Innohep

Generic Name: Tinzaparin

  • What is Innohep?

    Innohep is a medicine used subcutaneously (just below the skin) to treat deep vein thrombosis (blood clot in the legs) in patients with or without pulmonary embolisms (blood clot in the lungs).

  • What is the most important information I should know about Innohep?

    Innohep should be used with extreme caution in patients with a history of heparin-induced thrombocytopenia (low blood platelet [type of blood cells that form clots to help stop bleeding] counts caused by heparin). It is therefore very important to inform your doctor if you have had a previous reaction to any heparin products.

    Innohep can lead to increased bleeding. Your doctor will monitor you for this while you are receiving Innohep in the hospital.

  • Who should not take Innohep?

    Your doctor will not administer Innohep to you if you are allergic to it, any of its ingredients, to sulfite, benzyl alcohol, or pork products. In addition, your doctor will not administer Innohep to you if you are bleeding, have a history of heparin-induced thrombocytopenia, or are ≥90 years of age and have kidney problems.

  • What should I tell my doctor before I take the first dose of Innohep?

    Tell your doctor about all prescription, over-the-counter, and herbal medications you are taking before beginning treatment with Innohep. Also, talk to your doctor about your complete medical history, especially if you have kidney impairment, asthma, high blood pressure, history of stroke or other brain injuries, stomach ulcers, eye disorders, or if you recently underwent or plan to have surgery.

  • What is the usual dosage?

    The information below is based on the dosage guidelines your doctor uses. Depending on your condition and medical history, your doctor may prescribe a different regimen. Do not change the dosage or stop taking your medication without your doctor's approval.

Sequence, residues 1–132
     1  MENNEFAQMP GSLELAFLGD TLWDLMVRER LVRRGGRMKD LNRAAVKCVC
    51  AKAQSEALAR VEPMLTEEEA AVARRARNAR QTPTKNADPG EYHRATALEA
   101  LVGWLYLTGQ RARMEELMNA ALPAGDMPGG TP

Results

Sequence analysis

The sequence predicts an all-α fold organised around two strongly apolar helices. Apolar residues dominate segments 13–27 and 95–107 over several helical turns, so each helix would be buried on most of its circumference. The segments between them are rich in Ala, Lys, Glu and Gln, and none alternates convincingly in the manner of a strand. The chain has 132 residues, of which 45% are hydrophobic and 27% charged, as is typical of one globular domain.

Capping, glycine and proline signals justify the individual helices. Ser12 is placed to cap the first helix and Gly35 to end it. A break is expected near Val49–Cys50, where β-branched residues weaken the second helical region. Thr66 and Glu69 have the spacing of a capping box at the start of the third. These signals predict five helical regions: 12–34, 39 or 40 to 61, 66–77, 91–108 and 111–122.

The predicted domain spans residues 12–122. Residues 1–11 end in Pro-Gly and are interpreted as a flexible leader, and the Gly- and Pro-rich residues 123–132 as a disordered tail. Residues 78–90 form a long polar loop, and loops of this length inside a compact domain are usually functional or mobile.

Adults: Your doctor will administer the appropriate dose for you subcutaneously, based on your body weight.

  • How should I take Innohep?

    Your doctor will administer Innohep to you and will monitor you for bleeding.

  • What should I avoid while taking Innohep?

    Do not miss your scheduled follow-up appointments with your doctor.

  • What are possible food and drug interactions associated with Innohep?

    If Innohep is administered with certain other drugs, the effects of either could be increased, decreased, or altered. It is important to tell your doctor about any other medications you are taking.

  • What are the possible side effects of Innohep?

    Side effects cannot be anticipated. If any develop or change in intensity, tell your doctor as soon as possible. Only your doctor can determine if it is safe for you to continue taking this drug.

    Side effects include: back pain, chest pain, constipation, fever, headache, irritation or pain at the injection site, itching, nausea, nose bleed, rash, shortness of breath, urinary tract infection, vomiting

  • Can I receive Innohep if I am pregnant or breastfeeding?

    Innohep is safe to use during pregnancy. The effects of Innohep during breastfeeding are unknown. Tell your doctor immediately if you are pregnant, plan to become pregnant, or are breastfeeding.

  • What should I do if I miss a dose of Innohep?

    Innohep should be given under special circumstances determined by your doctor.

  • How should I store Innohep?

    Your doctor will store Innohep for you.